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Confessions from a Sports Software Intern

13 Jul 2013 | Under Viewpoint | Posted by | 0 Comments

“…and yet a true creator is necessity, which is the mother of our invention.” – Plato, C. 377 BCE

When Sir Isaac Newton gazed at the heavens, perhaps his first thought was not, “I really should create a practical telescope reflector in order to better study the effects of gravitation on celestial bodies.” And yet, it cannot be denied that as time passed and Newton developed his theories on massive bodies, he must have grown frustrated. The tools of the time were simply not enough. He must have realized that if he truly wanted to further his science, he would have to do it himself. A necessity. An invention. Such is the way of progress.

And so we come to the creation of StatEasy, roughly two thousand, three hundred and eighty-four years later. One volleyball team manager, one too many score sheets to fill out, and one bachelor’s degree in Computer Science. This is how a revolutionary new tool for the world of sports was born. Perhaps the Michael Ressler of 2007 did not first think, “I really should write a professional statistician’s tool with integrated video highlights and cloud sharing features,” but he most certainly did realize that there had to be a better way to take statistics than with pencil and paper, or a DOS program from the medieval age. And so, six years and a start-up later, the world had on its hands the next advance in sporting event analytics.

I set sail on the StatEasy ship myself just a few short months ago, brought on as a software engineering intern. There, I was introduced to a motley crew of extraordinarily capable software engineers, marketeers, and athletic directors. In fact, several employees fall into more than one of those categories – I would make you a Venn diagram if I didn’t feel that my time would be better spent explaining exactly why StatEasy is going to be the next big thing in the wide world of sports.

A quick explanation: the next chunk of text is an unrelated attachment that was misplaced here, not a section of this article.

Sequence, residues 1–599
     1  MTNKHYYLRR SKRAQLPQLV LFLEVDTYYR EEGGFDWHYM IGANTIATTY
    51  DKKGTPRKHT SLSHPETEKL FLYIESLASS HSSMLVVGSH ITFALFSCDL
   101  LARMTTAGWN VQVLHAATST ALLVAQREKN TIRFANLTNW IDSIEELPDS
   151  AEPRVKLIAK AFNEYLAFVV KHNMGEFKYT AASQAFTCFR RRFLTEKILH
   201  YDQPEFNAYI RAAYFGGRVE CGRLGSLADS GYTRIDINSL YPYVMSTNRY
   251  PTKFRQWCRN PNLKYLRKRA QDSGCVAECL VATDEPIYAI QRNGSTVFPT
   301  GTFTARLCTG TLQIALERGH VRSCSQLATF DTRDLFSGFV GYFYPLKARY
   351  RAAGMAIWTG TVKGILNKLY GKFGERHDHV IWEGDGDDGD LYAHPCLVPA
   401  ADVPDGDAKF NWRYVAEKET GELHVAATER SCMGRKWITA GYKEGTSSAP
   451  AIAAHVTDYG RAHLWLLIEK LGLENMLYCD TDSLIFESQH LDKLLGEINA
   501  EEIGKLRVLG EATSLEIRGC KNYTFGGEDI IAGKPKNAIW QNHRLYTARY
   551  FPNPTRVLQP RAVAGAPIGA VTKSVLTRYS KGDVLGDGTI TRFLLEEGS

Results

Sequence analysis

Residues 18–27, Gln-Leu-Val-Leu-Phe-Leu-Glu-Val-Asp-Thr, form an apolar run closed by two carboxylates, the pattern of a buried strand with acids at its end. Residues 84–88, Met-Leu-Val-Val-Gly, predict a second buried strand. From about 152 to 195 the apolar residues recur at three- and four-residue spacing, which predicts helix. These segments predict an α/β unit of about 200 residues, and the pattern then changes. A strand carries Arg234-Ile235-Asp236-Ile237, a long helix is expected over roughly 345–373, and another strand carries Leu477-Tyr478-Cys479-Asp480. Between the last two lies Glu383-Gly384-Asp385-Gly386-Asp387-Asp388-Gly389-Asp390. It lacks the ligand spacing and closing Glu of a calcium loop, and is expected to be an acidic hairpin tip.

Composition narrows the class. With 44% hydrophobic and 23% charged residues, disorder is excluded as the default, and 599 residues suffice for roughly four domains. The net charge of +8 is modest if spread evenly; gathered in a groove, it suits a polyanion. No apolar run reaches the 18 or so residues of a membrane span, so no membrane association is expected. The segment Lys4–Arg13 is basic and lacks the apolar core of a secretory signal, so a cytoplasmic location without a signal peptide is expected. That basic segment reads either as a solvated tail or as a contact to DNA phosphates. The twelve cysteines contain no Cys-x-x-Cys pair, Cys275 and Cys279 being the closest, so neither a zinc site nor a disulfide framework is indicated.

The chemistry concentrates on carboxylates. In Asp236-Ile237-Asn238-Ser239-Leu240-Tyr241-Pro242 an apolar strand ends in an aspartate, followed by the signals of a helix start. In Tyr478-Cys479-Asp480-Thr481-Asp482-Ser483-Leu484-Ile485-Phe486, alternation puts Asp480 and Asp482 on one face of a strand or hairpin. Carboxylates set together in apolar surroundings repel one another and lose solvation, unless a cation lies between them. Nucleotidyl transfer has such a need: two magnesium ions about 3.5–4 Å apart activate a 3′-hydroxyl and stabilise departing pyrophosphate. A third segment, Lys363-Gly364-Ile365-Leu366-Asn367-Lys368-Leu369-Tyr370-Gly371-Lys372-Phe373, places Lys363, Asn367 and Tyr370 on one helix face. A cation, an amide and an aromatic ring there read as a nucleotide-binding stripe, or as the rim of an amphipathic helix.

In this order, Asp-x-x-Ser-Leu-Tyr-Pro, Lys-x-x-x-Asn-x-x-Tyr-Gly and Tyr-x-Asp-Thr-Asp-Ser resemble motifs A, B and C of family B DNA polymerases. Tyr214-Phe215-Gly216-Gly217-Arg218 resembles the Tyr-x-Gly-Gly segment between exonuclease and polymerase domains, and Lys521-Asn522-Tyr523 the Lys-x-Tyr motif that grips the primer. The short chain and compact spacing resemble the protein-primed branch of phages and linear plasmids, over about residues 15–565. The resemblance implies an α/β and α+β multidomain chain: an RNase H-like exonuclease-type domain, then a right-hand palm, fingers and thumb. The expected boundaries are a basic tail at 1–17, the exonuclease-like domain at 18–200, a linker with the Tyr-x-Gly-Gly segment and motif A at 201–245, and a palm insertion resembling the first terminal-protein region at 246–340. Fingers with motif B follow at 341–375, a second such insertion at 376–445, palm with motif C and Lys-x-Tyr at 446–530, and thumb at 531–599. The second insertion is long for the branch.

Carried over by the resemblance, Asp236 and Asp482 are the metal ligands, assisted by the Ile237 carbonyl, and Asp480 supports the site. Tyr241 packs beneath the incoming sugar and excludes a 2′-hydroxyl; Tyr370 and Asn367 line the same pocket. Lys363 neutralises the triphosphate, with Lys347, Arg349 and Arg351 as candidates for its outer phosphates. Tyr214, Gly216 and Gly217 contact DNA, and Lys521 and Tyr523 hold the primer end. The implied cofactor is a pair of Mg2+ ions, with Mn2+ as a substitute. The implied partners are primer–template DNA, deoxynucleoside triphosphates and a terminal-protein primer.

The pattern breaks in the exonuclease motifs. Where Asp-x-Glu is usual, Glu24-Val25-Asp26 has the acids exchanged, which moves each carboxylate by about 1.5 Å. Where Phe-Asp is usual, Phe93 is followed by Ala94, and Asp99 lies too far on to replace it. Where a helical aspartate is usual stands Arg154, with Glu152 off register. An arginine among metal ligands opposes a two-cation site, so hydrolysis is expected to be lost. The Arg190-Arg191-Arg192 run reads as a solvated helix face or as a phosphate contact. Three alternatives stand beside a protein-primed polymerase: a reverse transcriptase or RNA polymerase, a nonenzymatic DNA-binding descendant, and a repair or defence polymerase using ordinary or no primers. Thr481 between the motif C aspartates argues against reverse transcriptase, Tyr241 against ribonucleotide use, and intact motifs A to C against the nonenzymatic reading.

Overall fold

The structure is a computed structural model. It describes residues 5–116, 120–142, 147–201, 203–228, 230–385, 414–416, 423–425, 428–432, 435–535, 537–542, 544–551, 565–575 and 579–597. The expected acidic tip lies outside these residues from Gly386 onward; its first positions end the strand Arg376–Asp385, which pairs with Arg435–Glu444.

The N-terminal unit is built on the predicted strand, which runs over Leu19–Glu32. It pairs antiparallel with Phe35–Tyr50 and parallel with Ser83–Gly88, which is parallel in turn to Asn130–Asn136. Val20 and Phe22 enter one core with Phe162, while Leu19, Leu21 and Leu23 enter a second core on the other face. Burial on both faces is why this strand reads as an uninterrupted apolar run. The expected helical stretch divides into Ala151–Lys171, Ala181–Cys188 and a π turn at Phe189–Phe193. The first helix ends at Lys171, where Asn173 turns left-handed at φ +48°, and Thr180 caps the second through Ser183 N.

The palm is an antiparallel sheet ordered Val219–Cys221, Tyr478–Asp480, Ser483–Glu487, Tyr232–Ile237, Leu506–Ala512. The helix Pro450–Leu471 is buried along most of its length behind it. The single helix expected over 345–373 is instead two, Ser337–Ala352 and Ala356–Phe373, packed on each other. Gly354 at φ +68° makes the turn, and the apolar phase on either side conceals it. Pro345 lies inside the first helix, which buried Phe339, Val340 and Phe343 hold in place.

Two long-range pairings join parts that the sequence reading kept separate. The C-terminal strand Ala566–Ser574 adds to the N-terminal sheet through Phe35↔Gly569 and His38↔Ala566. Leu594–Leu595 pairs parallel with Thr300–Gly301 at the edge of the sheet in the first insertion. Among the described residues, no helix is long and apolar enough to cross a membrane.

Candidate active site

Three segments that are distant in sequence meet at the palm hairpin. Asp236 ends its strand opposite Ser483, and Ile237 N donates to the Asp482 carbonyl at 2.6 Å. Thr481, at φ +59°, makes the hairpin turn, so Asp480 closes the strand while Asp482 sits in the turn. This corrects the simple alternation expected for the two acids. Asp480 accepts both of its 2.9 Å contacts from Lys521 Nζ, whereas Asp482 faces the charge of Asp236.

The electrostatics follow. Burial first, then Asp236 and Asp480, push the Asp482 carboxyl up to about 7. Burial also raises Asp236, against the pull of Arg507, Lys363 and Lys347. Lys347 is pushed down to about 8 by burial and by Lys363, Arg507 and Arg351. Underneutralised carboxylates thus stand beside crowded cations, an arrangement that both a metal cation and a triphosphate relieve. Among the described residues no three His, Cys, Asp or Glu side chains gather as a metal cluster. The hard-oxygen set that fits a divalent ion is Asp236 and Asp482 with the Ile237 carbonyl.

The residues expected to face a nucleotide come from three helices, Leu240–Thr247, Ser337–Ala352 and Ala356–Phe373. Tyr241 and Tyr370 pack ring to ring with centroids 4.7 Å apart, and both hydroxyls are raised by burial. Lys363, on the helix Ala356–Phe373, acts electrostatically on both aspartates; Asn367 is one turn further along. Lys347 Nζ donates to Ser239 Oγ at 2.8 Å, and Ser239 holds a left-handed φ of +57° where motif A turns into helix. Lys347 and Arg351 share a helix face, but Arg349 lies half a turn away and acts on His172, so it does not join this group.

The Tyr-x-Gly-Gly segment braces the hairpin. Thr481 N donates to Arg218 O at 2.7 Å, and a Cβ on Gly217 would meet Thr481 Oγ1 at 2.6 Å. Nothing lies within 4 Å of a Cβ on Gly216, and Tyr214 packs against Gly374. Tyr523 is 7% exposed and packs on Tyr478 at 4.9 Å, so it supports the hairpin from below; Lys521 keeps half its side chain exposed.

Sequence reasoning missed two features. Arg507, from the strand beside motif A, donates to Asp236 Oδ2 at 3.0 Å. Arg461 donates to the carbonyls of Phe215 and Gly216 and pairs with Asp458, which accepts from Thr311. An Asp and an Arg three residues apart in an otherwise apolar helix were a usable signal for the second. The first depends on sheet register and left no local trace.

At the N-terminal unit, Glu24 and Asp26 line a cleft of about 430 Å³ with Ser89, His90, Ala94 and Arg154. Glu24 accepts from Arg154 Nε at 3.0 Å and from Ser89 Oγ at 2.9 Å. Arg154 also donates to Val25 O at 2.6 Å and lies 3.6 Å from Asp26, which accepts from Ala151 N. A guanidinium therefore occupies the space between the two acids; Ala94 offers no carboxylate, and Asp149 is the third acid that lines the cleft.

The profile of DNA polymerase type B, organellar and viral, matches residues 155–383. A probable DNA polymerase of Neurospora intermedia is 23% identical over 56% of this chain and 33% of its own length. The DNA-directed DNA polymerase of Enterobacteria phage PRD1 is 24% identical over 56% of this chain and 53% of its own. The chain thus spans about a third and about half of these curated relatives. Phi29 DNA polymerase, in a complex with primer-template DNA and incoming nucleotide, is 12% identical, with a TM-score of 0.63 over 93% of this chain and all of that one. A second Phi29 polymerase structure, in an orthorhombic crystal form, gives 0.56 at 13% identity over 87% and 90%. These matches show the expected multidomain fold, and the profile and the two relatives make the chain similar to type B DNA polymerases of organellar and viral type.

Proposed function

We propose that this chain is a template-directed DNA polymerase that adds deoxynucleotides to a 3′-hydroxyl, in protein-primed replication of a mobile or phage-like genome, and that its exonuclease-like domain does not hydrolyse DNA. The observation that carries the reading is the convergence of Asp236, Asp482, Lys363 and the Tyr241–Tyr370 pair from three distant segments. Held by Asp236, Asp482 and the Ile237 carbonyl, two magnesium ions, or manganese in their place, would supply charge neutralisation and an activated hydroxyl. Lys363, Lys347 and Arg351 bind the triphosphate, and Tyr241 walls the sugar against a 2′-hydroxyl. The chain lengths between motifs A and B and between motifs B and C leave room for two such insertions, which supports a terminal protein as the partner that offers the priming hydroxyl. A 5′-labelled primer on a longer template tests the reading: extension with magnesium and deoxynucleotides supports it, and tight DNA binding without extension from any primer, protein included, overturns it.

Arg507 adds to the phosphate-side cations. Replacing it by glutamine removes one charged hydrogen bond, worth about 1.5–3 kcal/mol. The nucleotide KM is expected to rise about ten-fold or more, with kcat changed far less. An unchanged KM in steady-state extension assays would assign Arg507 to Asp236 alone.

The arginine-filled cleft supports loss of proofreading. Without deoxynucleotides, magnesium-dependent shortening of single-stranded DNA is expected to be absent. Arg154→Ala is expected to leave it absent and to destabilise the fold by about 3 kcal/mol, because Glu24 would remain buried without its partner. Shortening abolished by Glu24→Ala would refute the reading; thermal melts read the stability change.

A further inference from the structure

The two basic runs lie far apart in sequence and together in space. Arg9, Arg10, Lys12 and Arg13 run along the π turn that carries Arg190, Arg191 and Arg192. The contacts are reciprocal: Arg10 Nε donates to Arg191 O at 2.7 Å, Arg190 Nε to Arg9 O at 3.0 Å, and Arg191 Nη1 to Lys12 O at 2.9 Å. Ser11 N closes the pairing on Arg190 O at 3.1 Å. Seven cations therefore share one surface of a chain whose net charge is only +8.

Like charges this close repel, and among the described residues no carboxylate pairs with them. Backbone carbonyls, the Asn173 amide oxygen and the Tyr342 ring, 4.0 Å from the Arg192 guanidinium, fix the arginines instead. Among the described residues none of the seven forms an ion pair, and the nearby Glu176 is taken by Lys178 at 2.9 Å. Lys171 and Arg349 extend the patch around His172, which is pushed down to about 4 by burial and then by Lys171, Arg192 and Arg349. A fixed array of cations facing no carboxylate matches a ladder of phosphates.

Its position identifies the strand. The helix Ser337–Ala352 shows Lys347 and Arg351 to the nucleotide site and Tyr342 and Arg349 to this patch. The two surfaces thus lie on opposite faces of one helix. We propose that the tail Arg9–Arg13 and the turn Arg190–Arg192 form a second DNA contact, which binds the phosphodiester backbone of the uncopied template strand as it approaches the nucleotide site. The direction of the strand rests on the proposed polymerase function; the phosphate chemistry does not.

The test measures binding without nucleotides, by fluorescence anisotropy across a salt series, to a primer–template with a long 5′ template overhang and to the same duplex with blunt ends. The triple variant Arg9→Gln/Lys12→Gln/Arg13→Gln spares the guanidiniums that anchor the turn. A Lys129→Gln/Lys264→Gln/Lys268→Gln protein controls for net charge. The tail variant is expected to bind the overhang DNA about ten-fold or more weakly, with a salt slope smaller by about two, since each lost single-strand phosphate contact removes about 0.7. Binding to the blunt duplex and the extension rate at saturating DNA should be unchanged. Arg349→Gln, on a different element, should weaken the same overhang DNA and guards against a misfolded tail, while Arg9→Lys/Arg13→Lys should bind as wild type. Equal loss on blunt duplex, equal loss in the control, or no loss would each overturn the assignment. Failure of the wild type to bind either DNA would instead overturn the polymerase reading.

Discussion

Let’s begin with a discussion of business models that work in the world of modern technology. There is the closed-off, black box content provider model – think Netflix, Hulu, or Spotify. A movie, the latest episode of Breaking Bad, or a track on the latest Daft Punk album – these things have inherent value. Users cannot create them on their own. For this reason, the content provider can afford to have a narrow scope – as long as value is placed on the good they are providing, they need not do anything greater than simply distributing the valued good.

And yet, it is very rare for a service of this nature to have the reach, and ultimately success, of businesses with models similar to those of  Youtube, Facebook, or Reddit. Each of these services share a key element in common: they are platforms. Each one is a springboard for creative development, and each one taps into the seemingly infinite willingness of its user base to constantly generate new content. These businesses have provided a canvas and given the brushes and paint to the seven-odd billion potential artists of the world. Now, instead of being relevant to someone who wants to watch a movie, or a television show, or listen to a track on a new album, these businesses have potentially endeared themselves to everyone on the planet. StatEasy falls into this second category. It is a platform.